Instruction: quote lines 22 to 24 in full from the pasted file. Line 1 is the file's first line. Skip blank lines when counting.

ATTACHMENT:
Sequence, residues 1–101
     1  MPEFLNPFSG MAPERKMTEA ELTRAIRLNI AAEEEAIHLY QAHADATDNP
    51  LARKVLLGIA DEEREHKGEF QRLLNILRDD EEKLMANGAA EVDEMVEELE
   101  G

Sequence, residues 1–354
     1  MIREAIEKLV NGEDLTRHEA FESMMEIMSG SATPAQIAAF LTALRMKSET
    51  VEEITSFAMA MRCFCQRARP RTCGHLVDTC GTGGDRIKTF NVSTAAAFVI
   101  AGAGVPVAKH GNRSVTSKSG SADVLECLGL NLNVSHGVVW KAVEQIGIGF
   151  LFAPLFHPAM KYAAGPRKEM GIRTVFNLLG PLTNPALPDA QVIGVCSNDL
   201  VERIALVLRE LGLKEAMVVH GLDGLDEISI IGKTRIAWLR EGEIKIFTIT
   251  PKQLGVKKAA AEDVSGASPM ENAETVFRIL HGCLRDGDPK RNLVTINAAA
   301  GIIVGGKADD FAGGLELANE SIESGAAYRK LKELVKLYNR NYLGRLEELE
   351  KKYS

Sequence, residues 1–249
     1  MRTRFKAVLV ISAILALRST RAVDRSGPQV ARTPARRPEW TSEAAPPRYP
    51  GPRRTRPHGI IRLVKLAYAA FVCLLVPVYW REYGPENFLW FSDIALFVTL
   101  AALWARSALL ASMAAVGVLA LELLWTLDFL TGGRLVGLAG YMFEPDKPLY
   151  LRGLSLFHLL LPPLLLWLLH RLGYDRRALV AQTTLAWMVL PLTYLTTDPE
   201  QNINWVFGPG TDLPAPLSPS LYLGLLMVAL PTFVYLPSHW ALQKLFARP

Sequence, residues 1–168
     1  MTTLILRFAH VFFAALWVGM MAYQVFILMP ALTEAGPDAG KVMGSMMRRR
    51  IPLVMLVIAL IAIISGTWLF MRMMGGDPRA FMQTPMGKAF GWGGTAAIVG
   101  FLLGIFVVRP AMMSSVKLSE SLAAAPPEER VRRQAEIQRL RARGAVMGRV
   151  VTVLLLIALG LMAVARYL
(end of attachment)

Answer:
    51  IPLVMLVIAL IAIISGTWLF MRMMGGDPRA FMQTPMGKAF GWGGTAAIVG
   101  FLLGIFVVRP AMMSSVKLSE SLAAAPPEER VRRQAEIQRL RARGAVMGRV
   151  VTVLLLIALG LMAVARYL